CA Unveils Compliance Automation and Governance Management Tool
CA positions GRC Manager as the industry's first portfolio-based solution for IT governance and risk management
Governance is one of a handful of hot buzzwords. It's also one of the murkiest. Some define governance as a way to ensure compliance with regulatory requirements as well as to achieve IT and business alignment, too. Others emphasize governance's importance as a means to identify, categorize, and manage compliance risks.
CA belongs to the latter camp. The company touts an IT governance model it calls IT Governance, Risk, and Compliance (GRC). Last week, CA announced GRC Manager, a new product that lets compliance officers, analysts, and C-level executives monitor and manage IT risks across an enterprise.
Officials position GRC Manager as the industry's first visual portfolio-based solution. The concept of a portfolio view in IT governance is analogous to that of the portfolio view in financial performance management (FPM), says Marc Camm, vice-president of GRC with CA. In the FPM space, the portfolio approach enables the measurement and objective evaluation of investment scenarios.
Ditto for governance, he says. GRC Manager lets compliance officers tailor their GRC portfolios to suit the desired risk posture of an organization.
"We're speaking to the CCO, the CIO, the corporate counsel who's ensuring that there are controls in place to mitigate risk and undertake compliance with different mandates," Camm explains. "[GRC Manager] lets you manage IT risk through a unique portfolio-based approach that incorporates automation of the underlying controls. We can categorize risk on different processes, objectives, and assets, and we can then visualize and report on those risks at an enterprise level." There's more here, too, according to Camm: GRC Manager provides test—and test overlap detection—functionality.
"When controls are put in place, we can test those controls that are mitigating those risks, and any control that's not up to standard or has failed, you can undertake remediation tasks and track that through project and portfolio management," he indicates.
"One of the things that has driven the demand and the reason to create the product was, first of all, the [existence of] multiple, overlapping controls based on many different regulations. You may have SOX controls and HIPAA controls and [you've configured them to] mitigate certain risks indicated in those regulations. You have to test those controls on a regular basis. What happens in an enterprise is that they go through and they test their controls for SOX, and they may test their controls for HIPAA, or [Graham-Leach-Bliley], or others, and they go back and they're testing controls that they've already tested, because certain controls span over different regulations."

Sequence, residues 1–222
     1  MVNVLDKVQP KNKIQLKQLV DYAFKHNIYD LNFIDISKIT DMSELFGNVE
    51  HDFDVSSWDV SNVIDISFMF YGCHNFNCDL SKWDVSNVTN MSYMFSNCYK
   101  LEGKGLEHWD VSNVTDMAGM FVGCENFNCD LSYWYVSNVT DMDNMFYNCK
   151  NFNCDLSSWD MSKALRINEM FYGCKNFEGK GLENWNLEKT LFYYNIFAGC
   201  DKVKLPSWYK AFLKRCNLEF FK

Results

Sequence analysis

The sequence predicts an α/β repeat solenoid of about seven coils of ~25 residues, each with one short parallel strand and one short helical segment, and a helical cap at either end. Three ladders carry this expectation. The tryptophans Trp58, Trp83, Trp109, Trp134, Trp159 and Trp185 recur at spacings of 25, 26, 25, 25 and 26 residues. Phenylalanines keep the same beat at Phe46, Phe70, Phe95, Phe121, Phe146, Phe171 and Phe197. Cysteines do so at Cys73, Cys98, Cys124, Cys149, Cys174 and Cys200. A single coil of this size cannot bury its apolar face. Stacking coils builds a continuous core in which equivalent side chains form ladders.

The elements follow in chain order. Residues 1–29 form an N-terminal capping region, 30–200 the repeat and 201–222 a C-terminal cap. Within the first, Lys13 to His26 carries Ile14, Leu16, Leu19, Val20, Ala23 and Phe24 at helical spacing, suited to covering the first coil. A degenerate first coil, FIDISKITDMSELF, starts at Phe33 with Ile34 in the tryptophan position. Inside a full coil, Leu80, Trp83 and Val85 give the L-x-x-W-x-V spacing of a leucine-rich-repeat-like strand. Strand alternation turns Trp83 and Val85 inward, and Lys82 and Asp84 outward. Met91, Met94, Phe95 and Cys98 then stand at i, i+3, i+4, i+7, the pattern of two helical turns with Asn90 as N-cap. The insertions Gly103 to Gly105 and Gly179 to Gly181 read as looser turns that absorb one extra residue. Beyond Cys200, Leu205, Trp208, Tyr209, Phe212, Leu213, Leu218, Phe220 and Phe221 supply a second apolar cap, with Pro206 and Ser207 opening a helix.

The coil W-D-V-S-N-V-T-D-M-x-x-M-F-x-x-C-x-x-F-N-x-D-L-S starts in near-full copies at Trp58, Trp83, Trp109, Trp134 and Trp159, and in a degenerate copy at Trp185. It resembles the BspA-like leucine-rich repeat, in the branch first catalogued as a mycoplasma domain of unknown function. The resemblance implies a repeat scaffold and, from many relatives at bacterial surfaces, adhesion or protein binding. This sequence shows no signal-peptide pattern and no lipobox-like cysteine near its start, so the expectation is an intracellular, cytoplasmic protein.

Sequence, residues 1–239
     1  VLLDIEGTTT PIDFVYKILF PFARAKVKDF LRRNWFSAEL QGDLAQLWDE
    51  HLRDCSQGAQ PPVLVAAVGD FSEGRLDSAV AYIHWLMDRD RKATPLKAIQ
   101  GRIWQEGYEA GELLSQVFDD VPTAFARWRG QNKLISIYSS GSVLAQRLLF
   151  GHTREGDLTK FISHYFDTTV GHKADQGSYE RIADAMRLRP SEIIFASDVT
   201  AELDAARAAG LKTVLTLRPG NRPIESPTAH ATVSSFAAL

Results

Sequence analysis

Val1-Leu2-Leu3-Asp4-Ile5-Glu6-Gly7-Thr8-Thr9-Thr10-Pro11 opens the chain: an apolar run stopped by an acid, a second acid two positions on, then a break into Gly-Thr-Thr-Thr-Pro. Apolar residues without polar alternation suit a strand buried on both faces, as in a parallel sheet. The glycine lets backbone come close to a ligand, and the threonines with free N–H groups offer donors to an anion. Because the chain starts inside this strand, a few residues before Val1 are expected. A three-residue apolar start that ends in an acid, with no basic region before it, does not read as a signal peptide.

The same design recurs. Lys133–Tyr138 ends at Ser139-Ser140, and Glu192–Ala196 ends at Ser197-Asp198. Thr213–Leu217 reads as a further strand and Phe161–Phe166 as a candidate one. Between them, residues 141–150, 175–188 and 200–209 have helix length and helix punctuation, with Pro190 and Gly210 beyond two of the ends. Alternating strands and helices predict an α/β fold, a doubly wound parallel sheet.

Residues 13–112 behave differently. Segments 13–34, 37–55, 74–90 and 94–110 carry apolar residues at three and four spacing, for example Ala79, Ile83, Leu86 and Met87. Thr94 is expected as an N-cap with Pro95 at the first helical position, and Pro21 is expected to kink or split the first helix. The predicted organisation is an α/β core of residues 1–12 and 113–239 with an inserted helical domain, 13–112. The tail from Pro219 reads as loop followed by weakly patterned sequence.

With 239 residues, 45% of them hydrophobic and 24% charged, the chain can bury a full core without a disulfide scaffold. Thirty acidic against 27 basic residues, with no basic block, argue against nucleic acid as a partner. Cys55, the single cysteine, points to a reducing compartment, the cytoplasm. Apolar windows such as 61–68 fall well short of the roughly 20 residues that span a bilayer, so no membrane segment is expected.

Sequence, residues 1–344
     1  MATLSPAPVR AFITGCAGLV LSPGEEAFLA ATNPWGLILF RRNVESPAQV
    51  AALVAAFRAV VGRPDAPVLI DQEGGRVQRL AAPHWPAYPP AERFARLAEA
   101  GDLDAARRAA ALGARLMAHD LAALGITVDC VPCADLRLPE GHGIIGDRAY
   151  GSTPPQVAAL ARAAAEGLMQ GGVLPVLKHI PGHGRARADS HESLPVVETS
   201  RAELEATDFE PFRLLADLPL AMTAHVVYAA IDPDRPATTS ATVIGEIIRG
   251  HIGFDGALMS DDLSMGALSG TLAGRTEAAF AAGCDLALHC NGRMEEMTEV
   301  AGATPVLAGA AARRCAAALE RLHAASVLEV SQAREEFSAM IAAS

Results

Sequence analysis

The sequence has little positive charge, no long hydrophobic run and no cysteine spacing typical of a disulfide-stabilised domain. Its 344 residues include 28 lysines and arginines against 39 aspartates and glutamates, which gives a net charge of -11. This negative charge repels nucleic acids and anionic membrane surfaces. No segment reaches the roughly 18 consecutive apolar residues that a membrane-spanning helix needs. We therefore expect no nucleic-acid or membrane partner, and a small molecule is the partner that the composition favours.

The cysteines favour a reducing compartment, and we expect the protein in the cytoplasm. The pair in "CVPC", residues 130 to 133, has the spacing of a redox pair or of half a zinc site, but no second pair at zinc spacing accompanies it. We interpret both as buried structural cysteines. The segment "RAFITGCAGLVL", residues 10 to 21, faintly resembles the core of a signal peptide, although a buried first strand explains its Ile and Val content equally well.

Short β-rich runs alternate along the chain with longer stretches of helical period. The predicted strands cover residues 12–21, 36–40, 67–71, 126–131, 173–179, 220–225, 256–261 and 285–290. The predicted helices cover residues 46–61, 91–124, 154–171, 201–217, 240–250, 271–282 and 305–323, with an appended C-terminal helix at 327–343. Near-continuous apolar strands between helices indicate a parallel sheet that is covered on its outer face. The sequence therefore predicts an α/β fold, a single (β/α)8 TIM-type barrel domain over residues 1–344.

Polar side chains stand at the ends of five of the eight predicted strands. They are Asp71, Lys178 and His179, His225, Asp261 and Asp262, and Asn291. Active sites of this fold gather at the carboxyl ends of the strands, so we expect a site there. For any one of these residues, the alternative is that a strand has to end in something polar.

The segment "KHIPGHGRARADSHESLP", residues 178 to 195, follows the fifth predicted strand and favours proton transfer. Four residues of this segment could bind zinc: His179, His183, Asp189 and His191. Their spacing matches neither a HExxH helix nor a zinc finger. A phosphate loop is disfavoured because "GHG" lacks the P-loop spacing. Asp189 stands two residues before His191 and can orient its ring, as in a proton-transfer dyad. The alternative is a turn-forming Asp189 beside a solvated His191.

GRC Manager eliminates this test overlap, Camm says, by identifying and testing controls once, then mapping redundant or overlapping controls.
Elsewhere, compliance officers can use GRC Manager to map their IT risks and controls to specific legislative mandates, industry regulations, and corporate policies. CA calls this "cross-referencing”—the idea being that it can help mitigate (or, ideally, eliminate) the isolation or silo-ing of governance data that's all too common in most organizations.
"The way they typically approach this is by creating a bunch of rows and columns in a spreadsheet and tracking [risk and compliance] that way," Camm observes. "That creates different views in the enterprise and silos of management. It doesn't give you an overall enterprise view of your risk, because it's stored in different spreadsheets across your enterprise."
GRC Manager bundles the Unified Compliance Framework, a subscription service that maps a canned set of more than 4,000 controls to 280 standards and regulations—including not just SOX, HIPAA, and GLB, but also COBIT, COSO, NIST, ISO17799:2005, PCI, and NERC. "If you want to be compliant with this particular regulatory mandate in this particular discipline, it's going to tell you what controls you have in place and what risk that will mitigate. It really gives you sort of a holistic view across all of your IT risk," Camm explains.
CA does not, however, position GRC Manager as a bulletproof—or risk-free—tool; it doesn't indemnify users against compliance mishaps or other regulatory issues that might occur as a result of GRC Manager's use.
"What we're doing is providing a framework to categorize and organize data and information. The predefined reports that are mapped to the regulations and standards, those are published pieces of information that we then map to controls," Camm explains. "Anybody who's undertaking this, it's not really to say it's a cookie cutter, out-of-the-box approach—do all of this and you'll be covered. What this says is 90 percent of the data that you need to understand the process is included. You still need to create whatever workflows map to your processes. So this isn't a one-stop shop to actually ensure you're in compliance."
GRC Manager does, however, give compliance officers a visual means to monitor and manage the GRC process, Camm insists. "We really are looking here for risk and control management, information governance, identity and access management—these are all things that have risk and control issues around them. The technology we're introducing here really allows you to follow a streamlined process which allows you to put together your overall governance plan. This lets you reduce the resources your organization is going to have to invest to undertake compliance and reduce risk."
Stephen Swoyer is a Nashville, TN-based freelance journalist who writes about technology.